A Challenger Learning Center mission is more than a field trip or a computer game. Our mission simulations are learning environments based on the practices NASA uses to prepare astronauts. It’s as real as it gets without needing a spacesuit.
While students become astronauts and engineers at Challenger Learning Centers they are solving real-world problems as they share the thrill of discovery on missions through the Solar System.
How A Challenger Learning Center Mission Simulation Works:
- Prior to the visit, educators receive curriculum to help students understand the theme and topic of their mission and to work on communication skills.
- After arriving at the Learning Center, students are partnered up and assigned to one of eight teams: Communications, Data, Isolation, Life Support, Medical, Navigation, Probe, and Remote.
- One student on each team is assigned to Mission Control, while the other team member is transported to the space station (at mission midpoint, the partners exchange places so every student can experience both learning environments).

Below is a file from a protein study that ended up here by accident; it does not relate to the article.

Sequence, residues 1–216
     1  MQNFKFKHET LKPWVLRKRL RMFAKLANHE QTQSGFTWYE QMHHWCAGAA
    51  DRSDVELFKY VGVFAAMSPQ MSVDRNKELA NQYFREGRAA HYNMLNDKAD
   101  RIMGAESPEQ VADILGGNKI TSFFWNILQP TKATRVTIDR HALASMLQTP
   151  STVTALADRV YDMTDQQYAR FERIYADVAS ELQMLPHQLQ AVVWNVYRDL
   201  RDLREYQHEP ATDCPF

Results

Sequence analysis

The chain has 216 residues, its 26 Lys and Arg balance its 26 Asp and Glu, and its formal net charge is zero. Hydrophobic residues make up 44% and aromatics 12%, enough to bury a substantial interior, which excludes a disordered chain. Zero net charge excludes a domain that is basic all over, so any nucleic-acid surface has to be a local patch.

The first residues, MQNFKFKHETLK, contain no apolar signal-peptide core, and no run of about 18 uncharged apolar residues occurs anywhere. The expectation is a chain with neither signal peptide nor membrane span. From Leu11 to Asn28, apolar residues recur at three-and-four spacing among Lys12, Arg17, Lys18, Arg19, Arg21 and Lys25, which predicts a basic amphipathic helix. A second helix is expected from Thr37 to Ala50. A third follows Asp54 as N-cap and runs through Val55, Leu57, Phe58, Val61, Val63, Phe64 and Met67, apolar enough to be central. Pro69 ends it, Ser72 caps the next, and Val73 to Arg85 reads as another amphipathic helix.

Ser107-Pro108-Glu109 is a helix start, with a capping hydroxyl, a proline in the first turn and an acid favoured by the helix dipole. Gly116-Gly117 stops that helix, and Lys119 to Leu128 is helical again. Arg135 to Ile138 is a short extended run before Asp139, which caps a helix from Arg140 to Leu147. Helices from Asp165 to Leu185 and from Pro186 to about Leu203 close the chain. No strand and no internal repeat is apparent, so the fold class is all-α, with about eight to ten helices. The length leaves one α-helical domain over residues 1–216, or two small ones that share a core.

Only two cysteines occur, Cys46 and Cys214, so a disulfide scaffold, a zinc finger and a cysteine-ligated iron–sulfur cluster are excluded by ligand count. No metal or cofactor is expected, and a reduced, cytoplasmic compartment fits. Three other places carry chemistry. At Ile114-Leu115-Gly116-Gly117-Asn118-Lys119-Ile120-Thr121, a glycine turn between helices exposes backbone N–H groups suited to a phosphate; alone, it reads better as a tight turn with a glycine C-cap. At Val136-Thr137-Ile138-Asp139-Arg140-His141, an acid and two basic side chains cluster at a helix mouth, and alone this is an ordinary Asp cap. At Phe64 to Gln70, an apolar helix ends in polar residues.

- During the mission, students must accomplish specific tasks in order for the mission to be a success. Astronauts on board the space station build space probes, monitor life support functions, conduct experiments on items taken from the surfaces of Mars or the Moon, and plot navigation courses for the spacecraft. Engineers at Mission Control support these endeavors by answering the astronauts’ questions and providing necessary research.
- Following the mission at the Learning Center, educators have the option of using specific programs designed to help extend the Learning Center mission once they return to the classroom.